The Angular router is one of the first ways that you can take state from the user, and use it to make rendering choices in your application.
To put it simply, you have a path in the URL bar which the router translates into a set of components to render, and then passes in any parameters to those components.
Here's an example routing config:
export const routeConfig: Routes = [
    { path: '', component: HomeComponent, data: { title: '', page: 'home' } },
        path: 'blog', data: { title: false, page: 'blog'  }, component: BlogComponent, children: [
            { path: '', component: BlogPostComponent },
            { path: ':id', component: BlogPostComponent },
    { path: 'bio', component: BioComponent, data: { title: 'About Stephen Fluin' } },
    { path: 'projects', component: ProjectsComponent, data: { title: 'Projects' } },
    { path: 'admin', loadChildren: 'app/admin/admin.module#AdminModule' },
    { path: '404', component: NotFoundComponent},
    { path: '**', component: Send404Component },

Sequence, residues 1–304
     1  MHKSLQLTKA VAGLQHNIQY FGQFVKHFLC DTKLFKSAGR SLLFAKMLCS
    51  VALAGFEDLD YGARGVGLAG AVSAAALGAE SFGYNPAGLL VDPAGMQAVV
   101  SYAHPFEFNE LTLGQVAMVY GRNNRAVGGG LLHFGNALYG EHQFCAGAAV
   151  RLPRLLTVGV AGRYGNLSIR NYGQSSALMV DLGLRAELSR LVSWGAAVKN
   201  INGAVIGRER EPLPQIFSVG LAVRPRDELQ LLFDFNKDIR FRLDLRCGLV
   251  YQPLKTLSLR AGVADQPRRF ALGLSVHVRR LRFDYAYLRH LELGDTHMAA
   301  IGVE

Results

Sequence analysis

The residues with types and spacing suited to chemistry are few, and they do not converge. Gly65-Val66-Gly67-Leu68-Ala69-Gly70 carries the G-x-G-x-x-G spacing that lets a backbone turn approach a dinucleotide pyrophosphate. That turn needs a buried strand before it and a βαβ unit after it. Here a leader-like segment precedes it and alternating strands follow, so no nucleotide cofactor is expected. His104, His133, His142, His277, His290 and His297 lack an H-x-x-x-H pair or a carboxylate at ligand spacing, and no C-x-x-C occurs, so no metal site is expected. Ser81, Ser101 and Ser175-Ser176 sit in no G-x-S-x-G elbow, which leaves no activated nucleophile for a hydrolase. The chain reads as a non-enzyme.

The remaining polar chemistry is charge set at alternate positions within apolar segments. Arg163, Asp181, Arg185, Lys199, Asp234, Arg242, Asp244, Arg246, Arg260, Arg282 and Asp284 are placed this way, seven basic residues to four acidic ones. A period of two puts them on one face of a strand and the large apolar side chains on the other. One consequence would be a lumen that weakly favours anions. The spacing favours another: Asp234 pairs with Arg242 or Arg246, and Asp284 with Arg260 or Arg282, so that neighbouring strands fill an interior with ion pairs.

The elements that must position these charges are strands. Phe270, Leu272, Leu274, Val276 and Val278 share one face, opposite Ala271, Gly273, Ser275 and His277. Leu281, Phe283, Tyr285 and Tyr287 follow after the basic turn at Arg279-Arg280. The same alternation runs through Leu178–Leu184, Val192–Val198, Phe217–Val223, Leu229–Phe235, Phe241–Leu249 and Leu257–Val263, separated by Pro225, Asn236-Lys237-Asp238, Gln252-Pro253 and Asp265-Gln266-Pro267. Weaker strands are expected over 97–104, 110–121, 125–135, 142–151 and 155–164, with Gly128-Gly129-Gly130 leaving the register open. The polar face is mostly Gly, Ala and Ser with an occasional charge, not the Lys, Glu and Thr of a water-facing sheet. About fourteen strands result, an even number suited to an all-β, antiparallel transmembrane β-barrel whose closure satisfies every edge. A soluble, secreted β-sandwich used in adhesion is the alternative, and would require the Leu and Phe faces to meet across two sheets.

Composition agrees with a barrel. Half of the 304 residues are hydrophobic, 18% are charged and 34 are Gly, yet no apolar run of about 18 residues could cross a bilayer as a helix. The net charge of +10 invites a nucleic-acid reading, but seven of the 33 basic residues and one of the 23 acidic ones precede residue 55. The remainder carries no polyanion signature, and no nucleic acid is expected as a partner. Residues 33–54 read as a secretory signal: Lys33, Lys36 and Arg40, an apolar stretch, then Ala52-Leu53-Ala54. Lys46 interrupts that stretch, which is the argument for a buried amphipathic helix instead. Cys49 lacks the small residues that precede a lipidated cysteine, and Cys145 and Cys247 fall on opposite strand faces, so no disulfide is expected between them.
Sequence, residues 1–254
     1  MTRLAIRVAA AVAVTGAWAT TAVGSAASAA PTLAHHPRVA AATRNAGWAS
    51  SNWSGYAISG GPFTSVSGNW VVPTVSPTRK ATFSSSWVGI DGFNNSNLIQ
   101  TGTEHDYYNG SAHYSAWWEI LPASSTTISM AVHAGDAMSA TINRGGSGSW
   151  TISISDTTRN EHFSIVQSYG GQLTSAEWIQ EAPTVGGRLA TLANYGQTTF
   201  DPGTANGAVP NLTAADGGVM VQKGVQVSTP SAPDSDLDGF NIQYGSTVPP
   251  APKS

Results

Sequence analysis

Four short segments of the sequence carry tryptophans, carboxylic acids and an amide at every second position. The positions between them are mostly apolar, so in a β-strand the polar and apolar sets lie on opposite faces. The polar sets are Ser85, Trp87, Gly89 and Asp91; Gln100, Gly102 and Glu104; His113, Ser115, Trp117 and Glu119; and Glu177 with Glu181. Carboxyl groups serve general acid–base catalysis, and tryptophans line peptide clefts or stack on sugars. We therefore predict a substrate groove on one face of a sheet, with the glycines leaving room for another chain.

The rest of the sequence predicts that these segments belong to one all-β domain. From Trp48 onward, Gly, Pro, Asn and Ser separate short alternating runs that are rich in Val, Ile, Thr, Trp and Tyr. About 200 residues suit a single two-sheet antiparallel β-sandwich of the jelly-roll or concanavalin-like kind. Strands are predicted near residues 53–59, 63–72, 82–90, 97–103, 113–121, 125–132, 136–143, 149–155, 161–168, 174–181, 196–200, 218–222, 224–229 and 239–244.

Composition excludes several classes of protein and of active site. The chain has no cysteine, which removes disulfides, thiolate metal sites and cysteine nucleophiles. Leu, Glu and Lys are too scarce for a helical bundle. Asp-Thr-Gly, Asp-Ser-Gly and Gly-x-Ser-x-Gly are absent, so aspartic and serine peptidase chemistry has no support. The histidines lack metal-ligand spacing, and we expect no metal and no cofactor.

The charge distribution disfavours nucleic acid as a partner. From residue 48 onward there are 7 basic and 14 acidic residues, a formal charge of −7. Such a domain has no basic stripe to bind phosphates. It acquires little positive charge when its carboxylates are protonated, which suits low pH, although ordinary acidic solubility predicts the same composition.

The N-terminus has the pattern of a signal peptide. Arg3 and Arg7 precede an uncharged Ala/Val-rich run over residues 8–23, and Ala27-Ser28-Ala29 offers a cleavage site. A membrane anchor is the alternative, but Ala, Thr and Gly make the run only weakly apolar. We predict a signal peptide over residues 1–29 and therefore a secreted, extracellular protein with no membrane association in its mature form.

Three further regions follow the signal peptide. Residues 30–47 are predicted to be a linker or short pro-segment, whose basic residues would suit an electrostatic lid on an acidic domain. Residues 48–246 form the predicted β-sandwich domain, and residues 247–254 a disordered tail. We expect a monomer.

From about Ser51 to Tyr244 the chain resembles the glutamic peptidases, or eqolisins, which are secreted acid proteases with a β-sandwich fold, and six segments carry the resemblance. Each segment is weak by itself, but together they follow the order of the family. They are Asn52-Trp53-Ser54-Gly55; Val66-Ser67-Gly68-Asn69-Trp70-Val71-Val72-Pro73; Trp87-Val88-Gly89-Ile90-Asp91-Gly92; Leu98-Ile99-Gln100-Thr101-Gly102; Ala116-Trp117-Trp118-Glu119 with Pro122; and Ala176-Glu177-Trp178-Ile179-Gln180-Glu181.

You can nest routes. Nested routes end up being concatenated (e.g. /blog/:32) selects the blog path, and renders the BlogPostComponent.
Modules and components themselves can nest multiple Router Outlets, resulting in being able to supply a template such as admin that can be used for multiple admin routes.
This is most commonly done with loadChildren where you point to another module in your application, which then gets split into a separate chunk as part of the build process. This chunk and all of its dependencies are only loaded when you navigate to that route. This means your application gets smaller and faster for your users.

Navigation Events

I love tapping into navigation events for several common patterns. Let's take a look at the code in my constructor in my root component. => e instanceof NavigationEnd)).subscribe((n: NavigationEnd) => {
    let pageTitle = router.routerState.snapshot.root.children[0].data['title'];
    if (pageTitle) {
    } else if (pageTitle !== false) {
    window.scrollTo(0, 0);
    ga('send', 'pageview', n.urlAfterRedirects);

In this constructor, I listen for all NavigationEnd events, and then do several things:
  1. I set the page title based on the data.title from my route configuration.
  2. I scroll the page to the top (hopefully the Angular team will make this smarter and automatic some day)
  3. I send an analytics event to Google Analytics.